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    How would I go about proving that if the sum from n=k to infinity of 1/n(n+1) is 1/k, then the sum from n=k to infinity of 1/(n+1)^2 < 1/k?
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    (Original post by Kolasinac138)
    How would I go about proving that if the sum from n=k to infinity of 1/n(n+1) is 1/k, then the sum from n=k to infinity of 1/(n+1)^2 < 1/k?
    Look at each term of the first series and then look at each term in the second series. What do you notice and how can you use that to help with your proof?
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    (Original post by Slowbro93)
    Look at each term of the first series and then look at each term in the second series. What do you notice and how can you use that to help with your proof?
    Ok, so first series =

    1/2, 1/6, 1/12

    2nd series =

    1/4, 1/9, 1/16

    Not sure ..
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    (Original post by Kolasinac138)
    Ok, so first series =

    1/2, 1/6, 1/12

    2nd series =

    1/4, 1/9, 1/16

    Not sure ..
    Well notice that the terms within the second one are smaller then the first one. So what will happen when you add them together givne that you're told the first set of terms add up to \frac{1}{k}?
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    (Original post by Kolasinac138)
    How would I go about proving that if the sum from n=k to infinity of 1/n(n+1) is 1/k, then the sum from n=k to infinity of 1/(n+1)^2 < 1/k?
    Heres the solution. You have to prove it algebraically.Name:  IMG_20150511_141223.jpg
Views: 95
Size:  501.0 KBI hope the image is clear.
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    (Original post by tahmiin)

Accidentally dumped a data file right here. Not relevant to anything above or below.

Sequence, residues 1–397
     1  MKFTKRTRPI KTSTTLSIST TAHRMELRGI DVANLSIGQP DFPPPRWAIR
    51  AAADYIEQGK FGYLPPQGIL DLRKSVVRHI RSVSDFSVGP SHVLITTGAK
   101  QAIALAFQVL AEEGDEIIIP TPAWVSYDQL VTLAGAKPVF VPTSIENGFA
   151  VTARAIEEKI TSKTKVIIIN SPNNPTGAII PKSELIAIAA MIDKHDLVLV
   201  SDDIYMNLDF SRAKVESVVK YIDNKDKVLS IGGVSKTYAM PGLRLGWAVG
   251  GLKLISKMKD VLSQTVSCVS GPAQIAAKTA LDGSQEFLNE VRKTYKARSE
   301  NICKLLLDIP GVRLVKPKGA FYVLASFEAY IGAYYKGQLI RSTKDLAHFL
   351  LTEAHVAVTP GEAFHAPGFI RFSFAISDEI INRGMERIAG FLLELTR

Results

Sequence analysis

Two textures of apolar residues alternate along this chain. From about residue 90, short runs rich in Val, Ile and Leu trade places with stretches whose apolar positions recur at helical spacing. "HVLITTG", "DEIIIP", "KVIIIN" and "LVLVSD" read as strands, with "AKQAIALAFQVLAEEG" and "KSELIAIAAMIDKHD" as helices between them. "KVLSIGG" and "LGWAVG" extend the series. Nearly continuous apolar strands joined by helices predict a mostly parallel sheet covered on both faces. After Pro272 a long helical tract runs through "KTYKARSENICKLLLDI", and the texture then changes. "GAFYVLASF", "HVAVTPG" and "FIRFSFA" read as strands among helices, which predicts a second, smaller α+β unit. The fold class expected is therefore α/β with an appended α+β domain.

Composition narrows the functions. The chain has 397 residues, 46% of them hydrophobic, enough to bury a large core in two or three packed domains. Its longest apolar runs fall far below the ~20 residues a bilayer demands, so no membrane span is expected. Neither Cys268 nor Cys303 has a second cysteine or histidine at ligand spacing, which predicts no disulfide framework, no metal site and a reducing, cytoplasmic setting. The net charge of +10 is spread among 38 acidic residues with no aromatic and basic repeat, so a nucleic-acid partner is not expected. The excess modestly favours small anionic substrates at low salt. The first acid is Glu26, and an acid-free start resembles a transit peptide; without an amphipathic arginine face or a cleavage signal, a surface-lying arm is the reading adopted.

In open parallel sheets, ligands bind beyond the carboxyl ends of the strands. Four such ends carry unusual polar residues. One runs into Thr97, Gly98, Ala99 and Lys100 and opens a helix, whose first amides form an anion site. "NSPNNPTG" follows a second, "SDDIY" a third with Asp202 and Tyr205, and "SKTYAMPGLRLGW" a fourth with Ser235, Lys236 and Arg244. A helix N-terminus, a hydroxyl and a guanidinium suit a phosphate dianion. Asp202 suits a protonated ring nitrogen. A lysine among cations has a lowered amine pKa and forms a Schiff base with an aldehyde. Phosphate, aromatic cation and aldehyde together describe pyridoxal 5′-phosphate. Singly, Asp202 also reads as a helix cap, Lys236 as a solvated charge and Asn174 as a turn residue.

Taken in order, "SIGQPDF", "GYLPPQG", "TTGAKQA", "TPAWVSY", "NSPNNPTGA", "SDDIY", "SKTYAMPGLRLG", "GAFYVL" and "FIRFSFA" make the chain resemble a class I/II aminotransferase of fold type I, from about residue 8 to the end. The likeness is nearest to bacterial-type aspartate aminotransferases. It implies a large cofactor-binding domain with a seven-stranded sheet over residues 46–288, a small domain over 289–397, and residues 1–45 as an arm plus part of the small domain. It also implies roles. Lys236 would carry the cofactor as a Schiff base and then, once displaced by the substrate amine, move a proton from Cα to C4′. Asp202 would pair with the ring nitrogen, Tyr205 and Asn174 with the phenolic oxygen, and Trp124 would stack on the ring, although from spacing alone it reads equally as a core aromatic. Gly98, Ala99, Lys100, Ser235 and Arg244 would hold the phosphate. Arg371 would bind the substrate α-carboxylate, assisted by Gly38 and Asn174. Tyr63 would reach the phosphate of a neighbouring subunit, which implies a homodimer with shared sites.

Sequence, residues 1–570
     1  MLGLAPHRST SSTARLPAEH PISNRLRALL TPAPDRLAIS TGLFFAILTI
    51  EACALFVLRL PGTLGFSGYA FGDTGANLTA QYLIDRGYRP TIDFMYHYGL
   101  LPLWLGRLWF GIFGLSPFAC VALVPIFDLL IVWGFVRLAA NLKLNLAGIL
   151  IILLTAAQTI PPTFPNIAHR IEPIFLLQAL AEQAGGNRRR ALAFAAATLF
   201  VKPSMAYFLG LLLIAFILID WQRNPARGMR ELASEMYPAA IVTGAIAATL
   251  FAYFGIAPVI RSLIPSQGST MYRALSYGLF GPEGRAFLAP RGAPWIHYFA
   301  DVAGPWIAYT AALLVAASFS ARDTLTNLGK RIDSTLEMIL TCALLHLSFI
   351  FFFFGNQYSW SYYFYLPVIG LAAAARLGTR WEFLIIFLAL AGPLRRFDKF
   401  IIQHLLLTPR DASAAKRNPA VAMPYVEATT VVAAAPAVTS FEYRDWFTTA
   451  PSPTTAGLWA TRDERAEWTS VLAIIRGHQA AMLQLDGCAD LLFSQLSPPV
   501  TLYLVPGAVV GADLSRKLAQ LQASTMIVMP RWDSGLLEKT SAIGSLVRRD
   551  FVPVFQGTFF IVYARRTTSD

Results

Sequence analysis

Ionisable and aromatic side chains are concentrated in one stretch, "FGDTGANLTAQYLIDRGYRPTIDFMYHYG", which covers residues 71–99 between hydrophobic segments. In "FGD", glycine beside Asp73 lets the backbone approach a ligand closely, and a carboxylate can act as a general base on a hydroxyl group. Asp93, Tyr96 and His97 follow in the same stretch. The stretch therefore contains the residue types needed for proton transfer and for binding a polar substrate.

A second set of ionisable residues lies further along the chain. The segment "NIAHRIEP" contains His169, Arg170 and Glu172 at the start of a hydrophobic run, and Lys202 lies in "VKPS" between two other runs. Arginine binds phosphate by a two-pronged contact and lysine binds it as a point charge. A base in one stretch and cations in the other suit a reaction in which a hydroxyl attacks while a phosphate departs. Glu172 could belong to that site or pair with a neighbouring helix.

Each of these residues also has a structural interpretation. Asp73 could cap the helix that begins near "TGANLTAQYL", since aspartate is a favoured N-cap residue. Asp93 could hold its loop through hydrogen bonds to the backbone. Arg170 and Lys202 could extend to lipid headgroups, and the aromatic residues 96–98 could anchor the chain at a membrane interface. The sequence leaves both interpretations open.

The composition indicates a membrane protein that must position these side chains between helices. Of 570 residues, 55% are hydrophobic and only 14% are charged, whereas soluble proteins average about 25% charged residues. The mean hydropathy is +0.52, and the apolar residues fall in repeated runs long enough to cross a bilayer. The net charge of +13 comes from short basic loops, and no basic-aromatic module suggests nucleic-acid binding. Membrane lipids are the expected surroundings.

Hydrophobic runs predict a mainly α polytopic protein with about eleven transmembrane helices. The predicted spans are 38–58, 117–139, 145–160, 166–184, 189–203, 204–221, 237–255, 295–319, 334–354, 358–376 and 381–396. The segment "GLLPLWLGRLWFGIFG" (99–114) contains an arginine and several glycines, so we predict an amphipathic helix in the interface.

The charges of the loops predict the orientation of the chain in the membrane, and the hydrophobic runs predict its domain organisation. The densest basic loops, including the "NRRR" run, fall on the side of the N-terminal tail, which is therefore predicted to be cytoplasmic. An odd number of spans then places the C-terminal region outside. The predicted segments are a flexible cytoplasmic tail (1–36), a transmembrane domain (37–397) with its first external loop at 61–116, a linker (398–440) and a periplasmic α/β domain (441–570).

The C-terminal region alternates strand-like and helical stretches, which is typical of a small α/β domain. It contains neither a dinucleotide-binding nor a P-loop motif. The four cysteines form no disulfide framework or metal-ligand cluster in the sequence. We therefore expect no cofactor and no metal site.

Heres the solution. You have to prove it algebraically.I hope the image is clear.
    Please don't post full solutions to problems - it's against forum rules

    (In this case you've actually gone into far too much detail - you can compare the sizes of terms in the two series much more easily!)
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    (Original post by davros)
    Please don't post full solutions to problems - it's against forum rules

    (In this case you've actually gone into far too much detail - you can compare the sizes of terms in the two series much more easily!)
    Ooo, sorry I had no idea. I'm new to TSR. And yeah I spotted it straight away but I wanted to properly explain it.. which i guess i should not be doing.. Can I ask why I cant post full solutions??
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    (Original post by tahmiin)
    . Can I ask why I cant post full solutions??
    Basically we try to stick to providing hints and guidance so that students can work things out for themselves with a bit of advice.

    See the official guide to posting for further info:

    http://www.thestudentroom.co.uk/showthread.php?t=403989
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    (Original post by davros)
    Basically we try to stick to providing hints and guidance so that students can work things out for themselves with a bit of advice.

    See the official guide to posting for further info:

    http://www.thestudentroom.co.uk/showthread.php?t=403989
    I understand, thanks!
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    Thanks, I pretty much got that method but felt it is somewhat hand-wavy.
 
 
 
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